09 June 2007

"The hanging gardens of Halliburton"

Babylon is being turned into an archaeological desert.

In an article in the Guardian, Simon Jenkins describes the rape and pillage of the heritage treasures of Iraq under the American occupation. The greatest storehouse of ancient human history faces two assaults: first, the trampling of
archaeological sites by the heavy boot of the American military and, second, the unrestricted looting carried out by thieves operating with impunity in a climate of chaos.

It may seem callous to worry about artifacts -- mere things -- when tens of thousands of people are dying and millions are turned into refugees, but we aren't talking about any old archaeological dig here. This is the birthplace of our civilization. This is where intensive agriculture began, where the first city states arose, where written language and arithmetic were invented along with the wheel and the plough, where time was first measured with clocks and 12-month calendars, and where the first codified systems of law and administration were developed.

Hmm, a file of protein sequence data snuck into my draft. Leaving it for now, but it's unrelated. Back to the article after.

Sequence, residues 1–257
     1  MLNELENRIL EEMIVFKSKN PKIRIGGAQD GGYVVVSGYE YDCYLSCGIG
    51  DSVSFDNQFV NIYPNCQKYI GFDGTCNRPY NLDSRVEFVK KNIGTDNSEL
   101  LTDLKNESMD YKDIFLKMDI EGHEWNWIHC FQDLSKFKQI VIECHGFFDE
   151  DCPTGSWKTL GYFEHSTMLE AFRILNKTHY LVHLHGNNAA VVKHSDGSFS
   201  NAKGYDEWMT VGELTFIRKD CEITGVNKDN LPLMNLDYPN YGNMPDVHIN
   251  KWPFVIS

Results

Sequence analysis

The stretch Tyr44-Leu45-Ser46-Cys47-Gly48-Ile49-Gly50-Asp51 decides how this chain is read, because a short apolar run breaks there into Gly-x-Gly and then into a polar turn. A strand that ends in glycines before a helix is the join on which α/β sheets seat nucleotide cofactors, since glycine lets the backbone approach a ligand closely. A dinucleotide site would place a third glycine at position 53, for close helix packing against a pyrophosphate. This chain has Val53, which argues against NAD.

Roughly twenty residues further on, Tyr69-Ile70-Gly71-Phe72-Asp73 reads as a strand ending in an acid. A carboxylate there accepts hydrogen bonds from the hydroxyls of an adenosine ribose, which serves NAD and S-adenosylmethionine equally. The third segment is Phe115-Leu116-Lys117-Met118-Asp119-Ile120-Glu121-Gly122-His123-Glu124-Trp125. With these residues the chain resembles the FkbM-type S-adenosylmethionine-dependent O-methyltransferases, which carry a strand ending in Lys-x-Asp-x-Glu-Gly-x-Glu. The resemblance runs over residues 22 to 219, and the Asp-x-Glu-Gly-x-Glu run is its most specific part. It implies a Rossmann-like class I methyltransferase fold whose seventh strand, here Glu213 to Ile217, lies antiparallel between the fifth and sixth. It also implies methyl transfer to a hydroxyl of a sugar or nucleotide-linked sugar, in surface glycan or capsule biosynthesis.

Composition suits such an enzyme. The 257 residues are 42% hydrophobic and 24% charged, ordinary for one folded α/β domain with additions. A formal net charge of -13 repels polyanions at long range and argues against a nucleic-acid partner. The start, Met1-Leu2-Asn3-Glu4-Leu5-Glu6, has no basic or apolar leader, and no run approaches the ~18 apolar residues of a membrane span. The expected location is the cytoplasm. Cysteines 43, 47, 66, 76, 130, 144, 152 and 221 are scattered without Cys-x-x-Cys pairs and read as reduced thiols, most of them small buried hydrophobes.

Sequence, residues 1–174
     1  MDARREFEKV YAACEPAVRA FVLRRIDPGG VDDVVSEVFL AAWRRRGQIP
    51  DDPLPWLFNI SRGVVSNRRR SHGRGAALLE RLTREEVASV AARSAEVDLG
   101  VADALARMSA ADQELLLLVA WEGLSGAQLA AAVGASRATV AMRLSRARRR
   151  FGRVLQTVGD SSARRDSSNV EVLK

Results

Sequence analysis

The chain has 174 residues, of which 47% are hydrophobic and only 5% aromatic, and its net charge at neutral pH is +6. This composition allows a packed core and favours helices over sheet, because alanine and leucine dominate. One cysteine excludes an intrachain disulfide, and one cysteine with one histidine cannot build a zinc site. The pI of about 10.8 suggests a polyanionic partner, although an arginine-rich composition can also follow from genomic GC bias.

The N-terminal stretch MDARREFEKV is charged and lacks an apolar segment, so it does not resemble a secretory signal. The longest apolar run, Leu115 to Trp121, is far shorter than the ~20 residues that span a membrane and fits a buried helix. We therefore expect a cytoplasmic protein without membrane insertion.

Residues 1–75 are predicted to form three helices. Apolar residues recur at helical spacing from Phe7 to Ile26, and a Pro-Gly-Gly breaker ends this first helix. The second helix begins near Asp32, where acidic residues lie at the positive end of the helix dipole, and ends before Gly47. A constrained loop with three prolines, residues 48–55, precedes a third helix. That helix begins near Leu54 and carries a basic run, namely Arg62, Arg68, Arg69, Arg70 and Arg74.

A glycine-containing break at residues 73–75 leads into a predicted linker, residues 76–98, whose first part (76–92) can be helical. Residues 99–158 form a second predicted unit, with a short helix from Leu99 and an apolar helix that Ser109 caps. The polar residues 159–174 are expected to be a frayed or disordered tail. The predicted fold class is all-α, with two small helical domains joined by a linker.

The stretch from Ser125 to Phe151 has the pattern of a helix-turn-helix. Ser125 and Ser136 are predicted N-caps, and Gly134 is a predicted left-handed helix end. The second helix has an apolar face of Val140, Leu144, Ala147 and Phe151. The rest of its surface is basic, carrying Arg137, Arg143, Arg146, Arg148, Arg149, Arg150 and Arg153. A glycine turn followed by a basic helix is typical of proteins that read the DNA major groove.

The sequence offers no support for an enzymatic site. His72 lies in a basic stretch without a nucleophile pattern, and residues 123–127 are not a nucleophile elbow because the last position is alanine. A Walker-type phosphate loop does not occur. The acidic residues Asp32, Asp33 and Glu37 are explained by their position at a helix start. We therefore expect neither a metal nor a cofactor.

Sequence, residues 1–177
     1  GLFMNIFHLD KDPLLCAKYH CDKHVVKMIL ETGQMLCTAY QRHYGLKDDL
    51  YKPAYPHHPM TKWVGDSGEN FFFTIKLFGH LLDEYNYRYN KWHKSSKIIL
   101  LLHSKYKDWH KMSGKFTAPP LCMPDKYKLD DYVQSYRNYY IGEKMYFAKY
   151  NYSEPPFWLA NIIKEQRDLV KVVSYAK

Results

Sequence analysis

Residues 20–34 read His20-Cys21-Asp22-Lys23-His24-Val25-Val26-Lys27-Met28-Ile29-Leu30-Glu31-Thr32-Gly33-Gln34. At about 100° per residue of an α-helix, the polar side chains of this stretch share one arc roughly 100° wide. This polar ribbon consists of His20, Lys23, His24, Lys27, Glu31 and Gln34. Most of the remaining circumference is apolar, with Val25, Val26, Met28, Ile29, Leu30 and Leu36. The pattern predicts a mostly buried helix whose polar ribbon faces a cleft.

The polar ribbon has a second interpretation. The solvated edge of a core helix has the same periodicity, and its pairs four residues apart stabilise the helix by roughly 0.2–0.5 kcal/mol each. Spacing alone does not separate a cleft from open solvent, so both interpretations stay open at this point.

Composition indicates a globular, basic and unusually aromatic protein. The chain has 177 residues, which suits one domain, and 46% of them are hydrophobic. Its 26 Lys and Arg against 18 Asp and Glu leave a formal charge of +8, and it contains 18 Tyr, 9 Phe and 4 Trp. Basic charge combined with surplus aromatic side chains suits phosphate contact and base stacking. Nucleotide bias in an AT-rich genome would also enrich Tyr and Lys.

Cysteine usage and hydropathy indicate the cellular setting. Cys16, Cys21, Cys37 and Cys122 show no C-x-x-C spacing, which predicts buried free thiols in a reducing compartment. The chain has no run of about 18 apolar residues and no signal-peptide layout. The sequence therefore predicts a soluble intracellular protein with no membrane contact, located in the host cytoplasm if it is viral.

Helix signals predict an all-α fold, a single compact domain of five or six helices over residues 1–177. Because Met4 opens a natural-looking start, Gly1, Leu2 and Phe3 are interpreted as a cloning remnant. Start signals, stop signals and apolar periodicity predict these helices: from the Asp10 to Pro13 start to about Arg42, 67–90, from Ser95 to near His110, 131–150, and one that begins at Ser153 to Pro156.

We are witnessing one of the greatest acts of vandalism in history. And as trivial as vandalism may be relative to human suffering, this one is nonetheless a crime against all of us.

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